Timekeeping in Edo Period Japan
In the Edo or Tokugawa Period town dwellers were notified of the time of day by the sounding of the local temple bell; a system undoubtedly used for several centuries previously. Night watchmen sounded the hours of the night with clapping boards or by beating drums. The predominantly agricultural society had little use for mechanical clocks.
However, mechanical clocks were used in Edo castles to keep time and thus regulate some of the daily activities of the castle complex, such as the opening of the gates. Also, some communities within cities, such as Edo (Tokyo), had a building with a mechanical clock and employed a certain number of watchmen to keep the clock running and announce the hours to the community. Similar practises were probably widespread throughout other major cities.
In the absence of documentary evidence, we can only speculate on which social groups were most likely to own domestic clocks in Tokugawa Japan, and on the uses they had for them. Clocks were owned by daimyos, some of whom had extensive collections, and probably by high-ranking samurai. Wadokei are often referred to as “Daimyo Clocks”.
In Tokugawa Japan, as in Europe during the 16th and 17th centuries, only men of status owned mechanical clocks, although status may have depended less on wealth in Japan than in Europe.
The later shaku-dokei, small simple hanging clocks which hung unobtrusively on a wooden pillar of a house, must have immediately appealed to the characteristically sober taste of the Japanese. The lively feeling that the to-and-fro movement of the foliot previously imparted to clocks was preserved either by having the short pendulum swing in front of the clock movement or by adding some accent to the balance wheel to make its alternating motion more evident. A charmingly simple automaton visible over the front plate was often added to shaku-dokei, particularly those with a balance wheel. It was mounted on the extended arbor of the crown wheel, which protruded through the front plate, and turned around with this wheel. Such automatons took one of two forms; some consisted of a short hand, which pointed toward an engraved chapter ring. Such a dial served no time-telling purpose, and its numerals may have conveyed some feeling or message of outlandish novelty. The other type of automaton more closely matched the floral decoration of the front plate and seems more traditionally Japanese. It consisted of a butterfly continuously turning against a floral background.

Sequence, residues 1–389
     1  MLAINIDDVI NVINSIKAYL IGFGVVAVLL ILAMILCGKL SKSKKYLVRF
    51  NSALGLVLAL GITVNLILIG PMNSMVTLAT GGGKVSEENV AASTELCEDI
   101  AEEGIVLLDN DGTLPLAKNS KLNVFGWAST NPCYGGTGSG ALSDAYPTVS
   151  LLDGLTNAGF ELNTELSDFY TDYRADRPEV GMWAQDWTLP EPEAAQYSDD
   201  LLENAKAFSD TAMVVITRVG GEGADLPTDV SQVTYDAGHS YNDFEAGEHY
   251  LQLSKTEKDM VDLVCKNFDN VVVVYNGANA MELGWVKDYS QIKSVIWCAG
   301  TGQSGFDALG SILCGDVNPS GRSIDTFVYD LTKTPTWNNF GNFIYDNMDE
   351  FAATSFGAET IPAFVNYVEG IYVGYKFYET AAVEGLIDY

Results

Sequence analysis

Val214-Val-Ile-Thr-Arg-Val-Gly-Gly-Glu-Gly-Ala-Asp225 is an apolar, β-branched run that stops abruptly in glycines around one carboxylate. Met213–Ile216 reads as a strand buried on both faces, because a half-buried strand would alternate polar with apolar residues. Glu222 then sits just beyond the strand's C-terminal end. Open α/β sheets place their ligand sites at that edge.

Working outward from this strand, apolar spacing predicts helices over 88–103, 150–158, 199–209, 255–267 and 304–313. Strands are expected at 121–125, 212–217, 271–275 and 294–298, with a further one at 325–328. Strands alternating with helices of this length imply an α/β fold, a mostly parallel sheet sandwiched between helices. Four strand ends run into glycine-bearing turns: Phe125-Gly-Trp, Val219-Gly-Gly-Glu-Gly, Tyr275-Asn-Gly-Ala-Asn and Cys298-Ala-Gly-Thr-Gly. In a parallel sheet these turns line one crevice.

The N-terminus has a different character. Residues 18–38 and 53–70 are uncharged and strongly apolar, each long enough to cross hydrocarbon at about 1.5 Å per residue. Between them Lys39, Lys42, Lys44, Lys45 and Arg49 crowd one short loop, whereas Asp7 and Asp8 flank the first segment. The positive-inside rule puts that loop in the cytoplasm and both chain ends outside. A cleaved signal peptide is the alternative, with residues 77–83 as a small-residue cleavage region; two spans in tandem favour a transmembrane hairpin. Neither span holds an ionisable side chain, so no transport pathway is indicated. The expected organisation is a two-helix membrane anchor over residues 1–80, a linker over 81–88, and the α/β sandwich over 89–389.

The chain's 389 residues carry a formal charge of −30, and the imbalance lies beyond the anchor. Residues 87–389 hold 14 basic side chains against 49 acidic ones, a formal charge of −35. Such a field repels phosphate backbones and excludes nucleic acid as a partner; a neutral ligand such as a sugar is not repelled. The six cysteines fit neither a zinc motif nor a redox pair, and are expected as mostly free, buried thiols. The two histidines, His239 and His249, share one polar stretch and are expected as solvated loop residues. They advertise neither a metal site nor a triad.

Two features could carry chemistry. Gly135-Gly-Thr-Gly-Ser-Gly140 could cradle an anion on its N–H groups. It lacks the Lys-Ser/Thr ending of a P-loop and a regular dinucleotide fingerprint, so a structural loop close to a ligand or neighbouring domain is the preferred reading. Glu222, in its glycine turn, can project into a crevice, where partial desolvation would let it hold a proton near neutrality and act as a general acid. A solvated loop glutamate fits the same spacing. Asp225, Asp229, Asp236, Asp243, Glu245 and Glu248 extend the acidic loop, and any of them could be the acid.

Japanese household clocks convey the impression that they were mere mechanical curiosities. Such a feeling may relate to their timekeeping inaccuracy and the consequent need for repeated adjustment, and probably accounts for claims by some Japanese researchers that household clocks served no timekeeping purpose, instead playing the role of toys. But this interpretation may be tinged by a modern, Western-like concern for timekeeping accuracy that did not apply to Japan in the 1800s.
The daimyos who owned wadokei may have used mechanical clocks to time official events at their castles, as in Edo. They may have also used clocks as simple mechanical curiosities, examples of snobbish novelty, or even as status symbols in a society that relegated merchants to a status lower than any other group, except the outcasts. As the 19th century advanced, clocks may have played an increasingly important role as timekeeping devices, although never as important as in the West.